Tuition Hikes and the Future of California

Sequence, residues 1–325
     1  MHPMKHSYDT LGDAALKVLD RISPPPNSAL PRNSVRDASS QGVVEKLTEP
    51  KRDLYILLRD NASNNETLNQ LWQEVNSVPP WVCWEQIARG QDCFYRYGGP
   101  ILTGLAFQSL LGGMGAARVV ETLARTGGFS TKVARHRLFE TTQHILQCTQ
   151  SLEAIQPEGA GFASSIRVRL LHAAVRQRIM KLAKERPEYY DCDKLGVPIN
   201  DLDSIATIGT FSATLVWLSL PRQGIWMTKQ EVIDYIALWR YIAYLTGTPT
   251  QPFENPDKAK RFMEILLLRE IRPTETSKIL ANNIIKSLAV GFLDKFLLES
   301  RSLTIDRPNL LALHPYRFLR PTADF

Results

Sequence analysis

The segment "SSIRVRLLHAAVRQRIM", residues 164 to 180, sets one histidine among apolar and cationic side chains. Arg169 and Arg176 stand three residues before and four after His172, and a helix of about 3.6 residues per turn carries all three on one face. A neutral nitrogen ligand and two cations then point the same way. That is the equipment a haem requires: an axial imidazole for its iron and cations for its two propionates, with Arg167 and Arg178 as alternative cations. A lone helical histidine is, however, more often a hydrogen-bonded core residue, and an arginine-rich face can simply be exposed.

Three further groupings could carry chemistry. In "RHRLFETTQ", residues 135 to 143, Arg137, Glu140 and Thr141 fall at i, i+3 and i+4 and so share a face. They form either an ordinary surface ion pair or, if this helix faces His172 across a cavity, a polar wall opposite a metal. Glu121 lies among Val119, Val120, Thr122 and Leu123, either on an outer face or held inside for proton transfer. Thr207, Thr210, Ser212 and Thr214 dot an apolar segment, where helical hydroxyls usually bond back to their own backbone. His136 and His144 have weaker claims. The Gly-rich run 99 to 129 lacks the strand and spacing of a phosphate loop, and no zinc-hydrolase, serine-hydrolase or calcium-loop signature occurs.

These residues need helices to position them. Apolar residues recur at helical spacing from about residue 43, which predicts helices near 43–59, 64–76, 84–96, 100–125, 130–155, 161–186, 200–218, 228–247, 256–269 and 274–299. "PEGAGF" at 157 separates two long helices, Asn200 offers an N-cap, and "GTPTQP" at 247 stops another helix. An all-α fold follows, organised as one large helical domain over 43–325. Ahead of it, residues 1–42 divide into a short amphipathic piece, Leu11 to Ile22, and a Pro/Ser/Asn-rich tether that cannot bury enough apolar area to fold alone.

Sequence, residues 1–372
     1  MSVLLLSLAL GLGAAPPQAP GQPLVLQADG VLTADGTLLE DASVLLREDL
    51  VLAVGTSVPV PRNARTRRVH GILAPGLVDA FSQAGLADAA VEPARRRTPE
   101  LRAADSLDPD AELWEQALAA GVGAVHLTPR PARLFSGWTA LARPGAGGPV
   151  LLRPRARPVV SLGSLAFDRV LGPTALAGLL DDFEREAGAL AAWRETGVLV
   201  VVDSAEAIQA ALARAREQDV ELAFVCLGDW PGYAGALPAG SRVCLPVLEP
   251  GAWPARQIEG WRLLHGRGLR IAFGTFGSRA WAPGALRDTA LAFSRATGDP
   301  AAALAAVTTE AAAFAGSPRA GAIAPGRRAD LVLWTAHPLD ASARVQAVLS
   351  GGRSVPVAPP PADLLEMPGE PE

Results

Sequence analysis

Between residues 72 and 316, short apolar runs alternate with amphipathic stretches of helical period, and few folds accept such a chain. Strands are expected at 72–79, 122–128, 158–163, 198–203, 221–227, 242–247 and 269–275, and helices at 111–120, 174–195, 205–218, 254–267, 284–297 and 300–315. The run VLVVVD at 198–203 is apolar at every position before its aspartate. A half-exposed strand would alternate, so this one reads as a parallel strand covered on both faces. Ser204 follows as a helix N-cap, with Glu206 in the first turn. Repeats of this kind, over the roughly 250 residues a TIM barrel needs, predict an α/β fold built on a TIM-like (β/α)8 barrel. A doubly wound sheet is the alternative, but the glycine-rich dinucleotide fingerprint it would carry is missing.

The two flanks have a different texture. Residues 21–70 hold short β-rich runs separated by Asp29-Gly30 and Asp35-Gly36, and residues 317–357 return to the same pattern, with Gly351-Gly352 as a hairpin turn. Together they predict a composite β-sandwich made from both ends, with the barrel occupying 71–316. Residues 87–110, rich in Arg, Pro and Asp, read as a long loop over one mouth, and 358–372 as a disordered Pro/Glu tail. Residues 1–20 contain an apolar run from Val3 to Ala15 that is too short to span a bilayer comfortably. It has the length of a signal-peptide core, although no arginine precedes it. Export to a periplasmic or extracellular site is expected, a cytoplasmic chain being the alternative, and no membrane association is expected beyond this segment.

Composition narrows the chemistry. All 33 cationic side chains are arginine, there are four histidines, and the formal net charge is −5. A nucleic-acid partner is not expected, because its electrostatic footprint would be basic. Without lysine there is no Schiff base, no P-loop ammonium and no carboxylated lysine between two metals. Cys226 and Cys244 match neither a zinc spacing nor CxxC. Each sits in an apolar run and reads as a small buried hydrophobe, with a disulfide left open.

I just returned from speaking at Merrill College of the University of California, Santa Cruz. My public event had more than 400 people in attendance. This talk came as students protested the recent 32 percent increase in tuition. Protests are going on around the state. I support the students, and the many professors and administrators who have also decried the tuition hike. I also denounce the use of police—in UC Berkeley and other campuses there was violence and beatings—to go after the students. This is uncalled for. The UC system needs an ongoing statewide dialogue with students that will work to keep students in the system, but to also help the coming generations make it to college. Most of these hikes will hurt the poorest communities, which have little or no resources to meet the tuition increases. Eventually there will be no students from poor areas, the very people who must now be given the means, knowledge, and connections to help rise above the disparites. Yes, the state of California is on the verge of bankruptcy. But the higher education needs of our young people should not be sacrificed due to the vagaries of the capitalist system and a state government that has betrayed the public trust. There are still billions of dollars in our massive prison system—the largest state prison system in the country. The vast majority of prisoners are behind bars due to drugs and nonviolent crimes. They should be released in imaginative and effective alternative sentencing structures—including home monitoring, reentry housing, real community services including re-training, and restorative justice. Real drug and alcohol treatment should be available to all who need it. And any remaining prisoners should be given proper rehabilitation, healing, and education. I also advocate the state legalize marijuana—which is now the number one cash crop in California. Marijuana in turn could be taxed, bringing in billions of revenues. We also need to remove the stranglehold of the two-thirds majority rule in the legislature that gives the minority party (in this case the Republicans) the actual power to move or not move legislation. This is “minority” rule and it has been used against taxing corporations and the wealthiest community, against social services, and for more prison building. The UC students at the Merrill College Cultural Center were spirited and engaged during my talk. A long line of students stood up at the public mic to ask questions. Afterwards I had many students lined up who wanted me to sign their books. I trust these youth are capable of shaping the state into the abundant, equitable and just place it can be. The current leaders have abandoned our essential values and needs. We can do better—we deserve better. Tomorrow, my wife Trini and I go to Mexico to take part in the largest Spanish-language book fair in the world—the International Book Fair of Guadalajara. Tia Chucha’s Centro Cultural is coordinating, along with California State University at Northridge professor Denise Sandoval, a lowrider show of two cars and two bikes for the LA Pavilion called “La Vida Lowrider—Cruising the City of Angels.” Featured are “Orgullo Mexicano” and “Twilight Zone” show cars, amazing examples of the art form and lifestyle called Lowriding. The owners of these cars and bikes—Alejandro Vega, Mike Lopez, and Roger McGraw—will also be on hand. And an original film by Estevan Oriol and Denise Sandoval will be shown next to the cars and bikes during the two weeks of the book fair. In addition, Trini and I will be at the Small Press area selling hundreds of Tia Chucha Press books, this being our 20th anniversary. And I’ll be on panels as part of the book fair honoring the City of Los Angeles, and in an “Encuentro Chicano” with other Chicano writers such as Ruben Martinez, Marisela Norte, and Michael Jaime-Becerra. Other acts include Los Lobos, Cheech Marin, and various other writers, museums, dance groups, theater, filmmakers, and more. c/s

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